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Myotonic dystrophy

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A heritable genetic disorder resulting in the slowly progressing muscle weakness and loss


Myotonic dystrophy is a genetic disorder that may soon lead to apparent muscle weakness and wasting (muscular dystrophy). The first symptoms often manifest by the age of 30s. Other symptoms include intellectual disability, heart conduction problems, endocrine changes, failing vision, slurred speech, ptosis (i.e. upper eyelid drooping), and opacity of the eye lenses. The affected individual suffers from myotonia, which is the inability to relax voluntary muscle. In males, the condition may lead to early balding and inability to have children. There are two types of myotonic dystrophy: (1) myotonic dystrophy type 1 (also called Steinert's disease) and (2) myotonic dystrophy type 2 (also called proximal myotonic myopathy). The myotonic dystrophy type 2 is rarer and involves milder symptoms than type 1.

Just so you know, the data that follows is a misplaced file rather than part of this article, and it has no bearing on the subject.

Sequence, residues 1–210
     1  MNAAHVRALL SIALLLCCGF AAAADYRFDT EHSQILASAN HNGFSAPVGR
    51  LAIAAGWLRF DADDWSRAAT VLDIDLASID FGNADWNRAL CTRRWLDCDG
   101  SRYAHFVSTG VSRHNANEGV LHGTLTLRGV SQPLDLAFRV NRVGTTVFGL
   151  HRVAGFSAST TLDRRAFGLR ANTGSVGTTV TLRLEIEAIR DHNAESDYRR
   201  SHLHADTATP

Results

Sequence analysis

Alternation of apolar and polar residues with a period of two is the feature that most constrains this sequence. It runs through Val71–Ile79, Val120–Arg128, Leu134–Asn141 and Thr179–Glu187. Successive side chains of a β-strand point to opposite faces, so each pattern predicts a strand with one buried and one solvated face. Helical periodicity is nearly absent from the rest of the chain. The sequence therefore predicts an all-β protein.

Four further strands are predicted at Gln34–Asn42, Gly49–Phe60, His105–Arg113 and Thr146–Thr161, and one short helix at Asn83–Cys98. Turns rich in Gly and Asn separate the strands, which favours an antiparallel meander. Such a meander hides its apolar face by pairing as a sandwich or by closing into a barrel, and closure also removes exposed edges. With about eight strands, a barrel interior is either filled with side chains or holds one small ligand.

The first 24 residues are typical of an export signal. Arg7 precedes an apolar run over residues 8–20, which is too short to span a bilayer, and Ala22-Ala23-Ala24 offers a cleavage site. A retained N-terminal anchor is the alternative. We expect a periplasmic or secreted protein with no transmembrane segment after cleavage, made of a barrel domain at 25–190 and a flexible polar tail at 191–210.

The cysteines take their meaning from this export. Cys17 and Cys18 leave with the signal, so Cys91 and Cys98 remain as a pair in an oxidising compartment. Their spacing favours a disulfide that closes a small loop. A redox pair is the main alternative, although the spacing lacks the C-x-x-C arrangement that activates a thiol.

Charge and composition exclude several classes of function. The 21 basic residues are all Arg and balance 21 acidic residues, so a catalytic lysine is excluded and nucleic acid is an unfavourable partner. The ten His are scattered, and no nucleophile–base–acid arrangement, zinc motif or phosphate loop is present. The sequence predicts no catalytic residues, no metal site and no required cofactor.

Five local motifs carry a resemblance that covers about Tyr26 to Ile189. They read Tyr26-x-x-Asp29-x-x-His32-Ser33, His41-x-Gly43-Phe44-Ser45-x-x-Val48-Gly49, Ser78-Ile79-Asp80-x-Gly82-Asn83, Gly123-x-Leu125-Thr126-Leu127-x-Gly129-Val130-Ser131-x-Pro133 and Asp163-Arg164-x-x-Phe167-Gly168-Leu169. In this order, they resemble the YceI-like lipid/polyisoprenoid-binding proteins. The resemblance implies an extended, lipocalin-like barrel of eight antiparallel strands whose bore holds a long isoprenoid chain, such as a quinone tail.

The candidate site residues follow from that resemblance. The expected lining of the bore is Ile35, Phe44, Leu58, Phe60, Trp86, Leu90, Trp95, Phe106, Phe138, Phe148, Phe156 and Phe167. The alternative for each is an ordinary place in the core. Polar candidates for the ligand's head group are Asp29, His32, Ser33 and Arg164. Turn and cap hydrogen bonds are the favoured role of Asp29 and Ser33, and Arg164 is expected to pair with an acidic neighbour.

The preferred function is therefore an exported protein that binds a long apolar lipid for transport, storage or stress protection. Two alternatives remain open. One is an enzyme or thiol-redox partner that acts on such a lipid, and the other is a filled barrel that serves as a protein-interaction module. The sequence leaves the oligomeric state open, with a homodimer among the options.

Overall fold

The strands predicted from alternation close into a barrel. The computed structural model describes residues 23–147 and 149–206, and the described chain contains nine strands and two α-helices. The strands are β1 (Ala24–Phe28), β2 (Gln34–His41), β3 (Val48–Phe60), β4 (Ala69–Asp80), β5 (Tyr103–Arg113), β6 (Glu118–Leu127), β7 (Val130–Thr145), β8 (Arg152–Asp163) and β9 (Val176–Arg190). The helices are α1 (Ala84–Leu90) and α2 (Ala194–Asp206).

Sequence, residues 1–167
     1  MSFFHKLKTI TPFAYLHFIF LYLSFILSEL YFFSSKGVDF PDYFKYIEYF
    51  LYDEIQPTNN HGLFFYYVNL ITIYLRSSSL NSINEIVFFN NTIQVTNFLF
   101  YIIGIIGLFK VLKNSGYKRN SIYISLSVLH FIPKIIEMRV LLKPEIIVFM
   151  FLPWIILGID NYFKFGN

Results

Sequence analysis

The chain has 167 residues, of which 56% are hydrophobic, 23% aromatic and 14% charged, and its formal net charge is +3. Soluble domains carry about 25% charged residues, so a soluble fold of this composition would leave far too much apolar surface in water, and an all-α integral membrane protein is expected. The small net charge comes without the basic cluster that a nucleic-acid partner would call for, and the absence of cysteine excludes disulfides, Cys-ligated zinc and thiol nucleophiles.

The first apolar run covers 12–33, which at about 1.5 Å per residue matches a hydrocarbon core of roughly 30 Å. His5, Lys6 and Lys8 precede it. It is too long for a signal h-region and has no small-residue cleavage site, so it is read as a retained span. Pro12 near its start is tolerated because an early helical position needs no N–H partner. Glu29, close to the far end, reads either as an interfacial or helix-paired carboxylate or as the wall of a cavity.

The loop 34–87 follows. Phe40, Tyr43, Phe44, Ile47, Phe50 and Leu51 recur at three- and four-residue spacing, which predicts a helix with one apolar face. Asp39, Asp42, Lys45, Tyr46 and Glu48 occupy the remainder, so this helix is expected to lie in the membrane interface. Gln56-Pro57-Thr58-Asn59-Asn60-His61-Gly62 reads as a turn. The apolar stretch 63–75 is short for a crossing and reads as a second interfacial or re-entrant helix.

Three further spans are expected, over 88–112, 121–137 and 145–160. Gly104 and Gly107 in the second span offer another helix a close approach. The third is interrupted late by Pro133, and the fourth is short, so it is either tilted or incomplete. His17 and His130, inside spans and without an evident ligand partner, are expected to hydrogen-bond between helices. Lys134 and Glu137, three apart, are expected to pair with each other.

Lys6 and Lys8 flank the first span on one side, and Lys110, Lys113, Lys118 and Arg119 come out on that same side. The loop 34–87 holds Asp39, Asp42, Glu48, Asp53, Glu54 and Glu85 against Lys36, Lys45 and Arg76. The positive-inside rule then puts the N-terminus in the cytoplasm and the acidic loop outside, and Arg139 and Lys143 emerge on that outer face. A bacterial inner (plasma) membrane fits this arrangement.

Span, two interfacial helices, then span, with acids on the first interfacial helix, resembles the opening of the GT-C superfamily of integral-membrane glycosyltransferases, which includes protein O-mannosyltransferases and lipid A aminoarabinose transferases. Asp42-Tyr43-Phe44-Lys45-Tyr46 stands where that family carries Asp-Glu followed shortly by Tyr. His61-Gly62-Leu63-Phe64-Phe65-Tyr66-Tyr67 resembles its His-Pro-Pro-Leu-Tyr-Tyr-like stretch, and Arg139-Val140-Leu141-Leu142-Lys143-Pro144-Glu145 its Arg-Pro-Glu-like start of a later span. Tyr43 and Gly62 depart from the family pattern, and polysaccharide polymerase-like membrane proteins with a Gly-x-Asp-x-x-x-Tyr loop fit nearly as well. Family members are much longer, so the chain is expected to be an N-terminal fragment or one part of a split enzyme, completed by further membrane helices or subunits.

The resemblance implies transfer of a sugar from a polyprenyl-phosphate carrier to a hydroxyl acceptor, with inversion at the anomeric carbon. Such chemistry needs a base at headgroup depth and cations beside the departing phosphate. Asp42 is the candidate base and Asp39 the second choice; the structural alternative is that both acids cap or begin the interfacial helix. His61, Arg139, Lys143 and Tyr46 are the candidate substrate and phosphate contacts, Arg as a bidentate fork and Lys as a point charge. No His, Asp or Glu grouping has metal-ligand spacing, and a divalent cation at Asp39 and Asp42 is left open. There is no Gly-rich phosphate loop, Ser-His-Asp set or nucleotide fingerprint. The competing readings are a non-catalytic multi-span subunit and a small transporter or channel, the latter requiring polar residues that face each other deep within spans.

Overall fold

Myotonic dystrophy is inherited in an autosomal-dominant pattern. It is an example of trinucleotide repeat disorders. In myotonic dystrophy type 1, the affected gene is DMPK gene on chromosome 19 whereas in myotonic dystrophy type 2, the affected gene is ZNF9 gene on chromosome 3. Both of these genes have an expansion of triplet repeat. In myotonic dystrophy type 1, there is an expansion of CTG (cytosine-thymine-guanine) triplet repeat. In myotonic dystrophy type 2, there is an expansion of CCTG (cytosine-cytosine-thymine-guanosine) tetranucleotide repeat.


  • myotonia atrophica
  • dystrophia myotonica

See also:

  • trinucleotide repeat disorder